In the column, “Online Marketers Can Weather the Financial Crisis,” I offered action items for dealing with the economic downturn.
My goal is never to be a doomsayer, but rather to be prepared for the reality of the market — good or bad. And that includes recommending common sense actions to shore you up and provide a bullet proof vest for more difficult times.
Reality is, when down times arrive, most companies first look to the marketing department to trim costs. This is not because marketing has the least value; it’s typically because marketers usually do a poor job of tying marketing to direct revenue. This is easily fixed.
Conversion rate optimization should be the last thing you should consider trimming. Here is why.
Shot Across the Bow
We are already beginning to see signs of the economy slowing, “The New York Times” reports on brick-and-mortar sales:
- Sales at Dillard’s dropped 12 percent, compared with a 7 percent decline last year. J. C. Penney’s same-store sales fell 12.4 percent, compared with a decline of 3.7 percent for the period a year ago. Sales at Kohl’s decreased 5.5 percent, compared with a 3.2 percent decrease last year. At Bon-Ton Stores, same-store sales decreased 4.6 percent, and they declined 3 percent at Target.
And, here is Heather Daugherty, research director at Hitwise, discussing the Web economy:
- At Hitwise, we have been tracking these various economic indicators very closely and are now seeing a similar trend in visitation to the websites of retailers, particularly during the past few weeks where the economy has become top-of-mind for the majority of Americans. Last week, traffic to a custom category of 500 retailers (excludes auctions, classifieds, DVD rentals, and book/music/DVD of the month clubs) declined 5% from the same week during the previous year.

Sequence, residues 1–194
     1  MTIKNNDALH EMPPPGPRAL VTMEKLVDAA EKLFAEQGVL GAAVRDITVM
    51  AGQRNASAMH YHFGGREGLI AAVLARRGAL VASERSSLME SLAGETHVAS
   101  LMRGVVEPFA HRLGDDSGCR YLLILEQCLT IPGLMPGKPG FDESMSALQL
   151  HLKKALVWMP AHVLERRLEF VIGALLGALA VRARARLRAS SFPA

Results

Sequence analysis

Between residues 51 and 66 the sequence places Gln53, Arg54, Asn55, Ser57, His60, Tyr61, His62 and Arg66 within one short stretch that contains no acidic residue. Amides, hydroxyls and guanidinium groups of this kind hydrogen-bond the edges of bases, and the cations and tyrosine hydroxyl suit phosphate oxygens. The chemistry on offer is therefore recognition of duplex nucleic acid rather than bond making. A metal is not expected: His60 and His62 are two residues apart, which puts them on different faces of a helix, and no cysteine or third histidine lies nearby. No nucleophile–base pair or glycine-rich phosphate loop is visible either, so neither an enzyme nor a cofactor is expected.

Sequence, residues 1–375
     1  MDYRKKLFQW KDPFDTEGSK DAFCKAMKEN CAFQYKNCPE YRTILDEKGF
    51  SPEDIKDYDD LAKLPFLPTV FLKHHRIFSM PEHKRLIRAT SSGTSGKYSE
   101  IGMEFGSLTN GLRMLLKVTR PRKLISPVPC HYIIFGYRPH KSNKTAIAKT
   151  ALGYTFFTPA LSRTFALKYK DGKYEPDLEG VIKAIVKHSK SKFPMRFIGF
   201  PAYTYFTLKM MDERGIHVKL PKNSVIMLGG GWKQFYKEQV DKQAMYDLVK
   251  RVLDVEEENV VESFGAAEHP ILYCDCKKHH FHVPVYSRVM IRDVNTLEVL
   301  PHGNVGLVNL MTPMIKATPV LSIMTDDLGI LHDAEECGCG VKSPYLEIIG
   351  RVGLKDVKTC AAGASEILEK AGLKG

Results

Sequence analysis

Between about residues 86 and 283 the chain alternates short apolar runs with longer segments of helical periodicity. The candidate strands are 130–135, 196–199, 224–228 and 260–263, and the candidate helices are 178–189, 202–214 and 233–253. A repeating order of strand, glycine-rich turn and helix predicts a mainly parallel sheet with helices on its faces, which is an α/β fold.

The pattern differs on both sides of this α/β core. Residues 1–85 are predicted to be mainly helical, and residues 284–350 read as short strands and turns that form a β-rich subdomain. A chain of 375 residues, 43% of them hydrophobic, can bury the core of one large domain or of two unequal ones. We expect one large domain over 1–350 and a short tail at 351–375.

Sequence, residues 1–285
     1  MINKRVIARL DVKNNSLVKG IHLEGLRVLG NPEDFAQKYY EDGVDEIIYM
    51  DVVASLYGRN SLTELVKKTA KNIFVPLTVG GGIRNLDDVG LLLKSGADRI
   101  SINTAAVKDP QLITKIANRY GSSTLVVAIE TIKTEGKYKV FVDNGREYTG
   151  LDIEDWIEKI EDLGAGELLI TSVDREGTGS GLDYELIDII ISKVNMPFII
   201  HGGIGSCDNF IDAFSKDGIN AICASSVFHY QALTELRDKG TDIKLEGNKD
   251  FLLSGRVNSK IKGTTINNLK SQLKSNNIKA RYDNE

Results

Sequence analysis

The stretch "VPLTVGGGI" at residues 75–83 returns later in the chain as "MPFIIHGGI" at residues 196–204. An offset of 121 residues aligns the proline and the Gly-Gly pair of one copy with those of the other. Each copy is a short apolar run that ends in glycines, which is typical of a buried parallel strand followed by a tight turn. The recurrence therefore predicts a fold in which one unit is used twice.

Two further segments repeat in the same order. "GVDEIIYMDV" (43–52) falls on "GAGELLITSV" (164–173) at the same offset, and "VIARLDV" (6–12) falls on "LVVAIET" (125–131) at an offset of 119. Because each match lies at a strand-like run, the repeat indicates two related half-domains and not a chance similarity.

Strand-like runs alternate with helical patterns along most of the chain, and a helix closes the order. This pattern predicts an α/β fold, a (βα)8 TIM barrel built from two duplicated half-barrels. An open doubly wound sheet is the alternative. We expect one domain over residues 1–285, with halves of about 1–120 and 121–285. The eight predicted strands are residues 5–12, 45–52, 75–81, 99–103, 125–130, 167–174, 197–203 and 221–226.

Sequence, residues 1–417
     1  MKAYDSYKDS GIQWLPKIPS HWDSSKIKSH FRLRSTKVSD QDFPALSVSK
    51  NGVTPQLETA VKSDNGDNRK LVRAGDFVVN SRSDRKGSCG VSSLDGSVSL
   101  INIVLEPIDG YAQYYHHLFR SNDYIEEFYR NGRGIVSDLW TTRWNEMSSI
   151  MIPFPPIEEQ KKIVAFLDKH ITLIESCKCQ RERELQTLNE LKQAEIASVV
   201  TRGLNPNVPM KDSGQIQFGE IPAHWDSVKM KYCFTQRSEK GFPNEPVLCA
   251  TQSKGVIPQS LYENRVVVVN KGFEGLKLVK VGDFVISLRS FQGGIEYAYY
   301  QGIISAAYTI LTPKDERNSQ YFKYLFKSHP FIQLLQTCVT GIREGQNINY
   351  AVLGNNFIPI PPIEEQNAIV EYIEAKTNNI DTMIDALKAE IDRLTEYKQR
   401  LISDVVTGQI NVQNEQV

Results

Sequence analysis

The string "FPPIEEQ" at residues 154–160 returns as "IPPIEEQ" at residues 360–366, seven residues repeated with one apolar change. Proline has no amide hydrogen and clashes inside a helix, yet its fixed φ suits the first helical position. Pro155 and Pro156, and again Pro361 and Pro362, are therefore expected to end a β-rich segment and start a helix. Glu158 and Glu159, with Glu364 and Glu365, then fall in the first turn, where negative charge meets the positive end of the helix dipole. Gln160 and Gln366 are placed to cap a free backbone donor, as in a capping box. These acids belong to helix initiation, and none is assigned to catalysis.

The number above that is causing online marketers to lose sleep is the 5 percent decline in visits. For most of us, a decrease in traffic means an equal decrease in sales.
So what happened to this traffic? Did all of these retailers decide they needed less traffic? Did they stop buying ads? A few perhaps, but not all 500 retailers. This is direct result of consumer’s behaving differently due to economic concerns.
Could your company survive a steep decline in traffic? A 10 percent or 20 percent decline?
Take Control of What You Can
For starters, marketers must acknowledge they have far less control than they think. They must also get a firmer grasp on what they do actually control.
You do not have control of the economy. While you may have some influence on the search engines, they are not under your control either.
So now is a good time to get serious about what you do control: the customer experience. By optimizing the experience you reduce the risk of taking a steep incline.
If you need to understand the math or you are trying to get buy in from your organization have them read this column.
Tying Efficiencies to Dollars
Last but not least, you should not be using traffic or even conversion numbers exclusively. Everything you do should be tied to a dollar value. Not only will this show the value of your work, it could also help you sort out priorities.
What are you doing differently in light of the economy? Let me know.
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